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Before someone can challenge the validity of a permit issued to another landowner, that person must have legal standing.  In a June 12, 2017 case, the issue for the Massachusetts Land Court was whether a plaintiff who lived across from the defendant’s property had standing to appeal a special permit granted to the defendant by the local zoning board.  The special permit allowed the defendant to construct a four-unit residential building in a zone where three-unit buildings are allowed as of right and where larger buildings require a special permit.

The defendant in the case was a real estate developer that purchased property located across the street from the plaintiff’s house.  The defendant sought a special permit to tear down the existing single-family home on the property and replace it with a single structure containing four residential units.  After the zoning board granted the permit, the plaintiff appealed, alleging that she would  be negatively affected by traffic and fire vehicle access that will result from the proposed development.

In order to have standing to challenge the defendant’s zoning permit, the plaintiff must be “aggrieved” as defined by law.  People entitled to notice of the permit are entitled to a rebuttable presumption that they are aggrieved.  In the case, the plaintiff was an abutter to an abutter within 300 feet of the defendant’s property, and as a result, she was entitled to the presumption that she is aggrieved.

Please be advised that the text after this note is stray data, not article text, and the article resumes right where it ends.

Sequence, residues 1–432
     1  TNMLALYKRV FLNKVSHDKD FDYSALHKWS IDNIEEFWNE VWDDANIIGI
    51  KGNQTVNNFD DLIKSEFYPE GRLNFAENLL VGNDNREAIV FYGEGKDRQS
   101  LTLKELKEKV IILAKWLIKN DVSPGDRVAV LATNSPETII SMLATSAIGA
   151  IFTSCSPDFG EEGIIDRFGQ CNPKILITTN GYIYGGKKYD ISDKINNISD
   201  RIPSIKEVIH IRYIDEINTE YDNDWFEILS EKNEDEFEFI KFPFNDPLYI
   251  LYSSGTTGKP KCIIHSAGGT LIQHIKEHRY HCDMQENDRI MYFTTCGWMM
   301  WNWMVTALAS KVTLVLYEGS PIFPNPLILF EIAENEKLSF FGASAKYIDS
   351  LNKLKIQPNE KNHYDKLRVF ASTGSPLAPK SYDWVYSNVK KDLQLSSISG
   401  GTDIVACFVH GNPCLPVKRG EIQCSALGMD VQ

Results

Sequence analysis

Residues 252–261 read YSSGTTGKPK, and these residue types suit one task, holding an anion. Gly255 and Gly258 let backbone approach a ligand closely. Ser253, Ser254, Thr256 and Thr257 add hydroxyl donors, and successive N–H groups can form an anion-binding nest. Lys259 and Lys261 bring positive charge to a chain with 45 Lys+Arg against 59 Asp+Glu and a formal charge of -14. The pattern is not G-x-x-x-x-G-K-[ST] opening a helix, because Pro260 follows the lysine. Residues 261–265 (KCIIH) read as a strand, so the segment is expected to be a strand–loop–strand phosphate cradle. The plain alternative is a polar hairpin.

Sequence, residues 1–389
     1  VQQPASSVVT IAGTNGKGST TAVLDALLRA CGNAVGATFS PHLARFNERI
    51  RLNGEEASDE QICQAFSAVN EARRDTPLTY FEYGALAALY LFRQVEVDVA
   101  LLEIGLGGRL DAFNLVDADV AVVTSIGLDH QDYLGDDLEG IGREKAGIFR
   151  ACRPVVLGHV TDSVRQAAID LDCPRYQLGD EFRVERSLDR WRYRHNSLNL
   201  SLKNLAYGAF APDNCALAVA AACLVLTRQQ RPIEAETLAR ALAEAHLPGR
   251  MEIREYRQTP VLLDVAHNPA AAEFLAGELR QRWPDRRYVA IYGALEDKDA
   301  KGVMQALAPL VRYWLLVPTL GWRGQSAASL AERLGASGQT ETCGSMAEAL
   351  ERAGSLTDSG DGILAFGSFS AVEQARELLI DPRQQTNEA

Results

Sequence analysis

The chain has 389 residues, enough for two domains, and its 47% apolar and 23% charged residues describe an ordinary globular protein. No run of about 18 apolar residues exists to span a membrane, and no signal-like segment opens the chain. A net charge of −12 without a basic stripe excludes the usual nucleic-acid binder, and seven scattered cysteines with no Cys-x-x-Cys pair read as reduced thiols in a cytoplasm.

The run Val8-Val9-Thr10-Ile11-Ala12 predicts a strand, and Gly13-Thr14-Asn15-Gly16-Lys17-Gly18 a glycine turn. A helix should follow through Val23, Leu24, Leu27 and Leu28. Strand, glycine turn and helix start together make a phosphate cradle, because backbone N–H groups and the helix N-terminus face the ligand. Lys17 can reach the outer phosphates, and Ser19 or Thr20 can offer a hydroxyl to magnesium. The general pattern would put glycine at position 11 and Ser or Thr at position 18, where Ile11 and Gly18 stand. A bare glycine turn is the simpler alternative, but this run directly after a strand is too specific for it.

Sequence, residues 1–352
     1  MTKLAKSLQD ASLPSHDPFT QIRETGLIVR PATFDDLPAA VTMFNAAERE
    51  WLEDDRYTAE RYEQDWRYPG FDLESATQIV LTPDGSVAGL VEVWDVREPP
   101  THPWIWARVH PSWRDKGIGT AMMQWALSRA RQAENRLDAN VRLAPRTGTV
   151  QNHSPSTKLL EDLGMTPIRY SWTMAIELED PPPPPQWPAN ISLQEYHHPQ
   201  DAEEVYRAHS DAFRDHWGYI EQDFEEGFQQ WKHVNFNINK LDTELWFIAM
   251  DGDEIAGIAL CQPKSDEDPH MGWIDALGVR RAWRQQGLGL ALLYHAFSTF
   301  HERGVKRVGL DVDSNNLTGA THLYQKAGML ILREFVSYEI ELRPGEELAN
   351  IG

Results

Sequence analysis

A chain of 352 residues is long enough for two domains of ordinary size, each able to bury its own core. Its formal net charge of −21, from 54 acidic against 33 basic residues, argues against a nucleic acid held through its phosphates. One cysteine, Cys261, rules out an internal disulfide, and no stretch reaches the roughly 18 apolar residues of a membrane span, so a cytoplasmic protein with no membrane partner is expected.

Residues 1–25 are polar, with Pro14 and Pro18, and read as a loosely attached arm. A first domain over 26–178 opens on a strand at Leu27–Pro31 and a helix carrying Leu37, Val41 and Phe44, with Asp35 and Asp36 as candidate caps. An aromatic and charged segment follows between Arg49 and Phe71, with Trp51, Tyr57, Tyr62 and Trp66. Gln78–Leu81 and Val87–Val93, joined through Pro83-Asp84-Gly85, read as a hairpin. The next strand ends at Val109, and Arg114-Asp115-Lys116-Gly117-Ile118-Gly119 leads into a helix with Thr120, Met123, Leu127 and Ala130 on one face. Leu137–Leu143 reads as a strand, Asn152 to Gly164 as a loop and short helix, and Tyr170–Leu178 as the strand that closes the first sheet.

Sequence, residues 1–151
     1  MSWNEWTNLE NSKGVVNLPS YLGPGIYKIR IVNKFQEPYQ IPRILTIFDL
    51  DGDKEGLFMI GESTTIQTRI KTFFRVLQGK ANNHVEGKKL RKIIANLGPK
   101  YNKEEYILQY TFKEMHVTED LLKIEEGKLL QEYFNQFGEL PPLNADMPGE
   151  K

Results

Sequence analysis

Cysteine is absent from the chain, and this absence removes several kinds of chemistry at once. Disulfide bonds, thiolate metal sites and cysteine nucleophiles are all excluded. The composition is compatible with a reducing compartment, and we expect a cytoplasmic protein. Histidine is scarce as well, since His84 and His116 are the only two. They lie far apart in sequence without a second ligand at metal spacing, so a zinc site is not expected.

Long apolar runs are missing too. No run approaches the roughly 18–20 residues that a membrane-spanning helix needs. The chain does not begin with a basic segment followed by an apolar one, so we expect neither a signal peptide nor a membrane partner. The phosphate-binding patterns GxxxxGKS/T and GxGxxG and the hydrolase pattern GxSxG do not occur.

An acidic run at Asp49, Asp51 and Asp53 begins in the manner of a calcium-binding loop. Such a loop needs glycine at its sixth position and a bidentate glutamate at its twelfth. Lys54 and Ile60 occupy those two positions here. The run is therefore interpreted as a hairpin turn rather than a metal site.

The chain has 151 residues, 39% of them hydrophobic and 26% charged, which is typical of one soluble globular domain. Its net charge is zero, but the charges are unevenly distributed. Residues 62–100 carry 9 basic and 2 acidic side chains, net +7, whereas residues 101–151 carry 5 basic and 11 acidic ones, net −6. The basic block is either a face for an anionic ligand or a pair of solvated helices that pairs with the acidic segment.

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If a zoning board decision affects other adjoining or nearby landowners, they may be able to appeal the ruling.  The Massachusetts Land Court reviewed a case on June 7, 2017 in which the defendants had obtained approval from the local zoning board to tear down a lawfully nonconforming garage on their property and replace it with a larger, single-family home.  The plaintiffs, who lived on a parcel of land abutting the defendants’ property, appealed the zoning board’s grant of a special permit and variances authorizing the plan.

After determining that the plaintiffs had standing to bring the appeal, the land court turned to the question of whether the special permit had been properly issued.  The defendants in the case requested relief from the off-street parking requirements of a local ordinance, which required a 20-foot driveway to accompany parking facilities within the ground floor of a structure.  Pursuant to local laws, the zoning board is authorized to waive this requirement by issuing a special permit, if the board finds that the reduction is not inconsistent with public health and safety or that the reduction promotes a public benefit.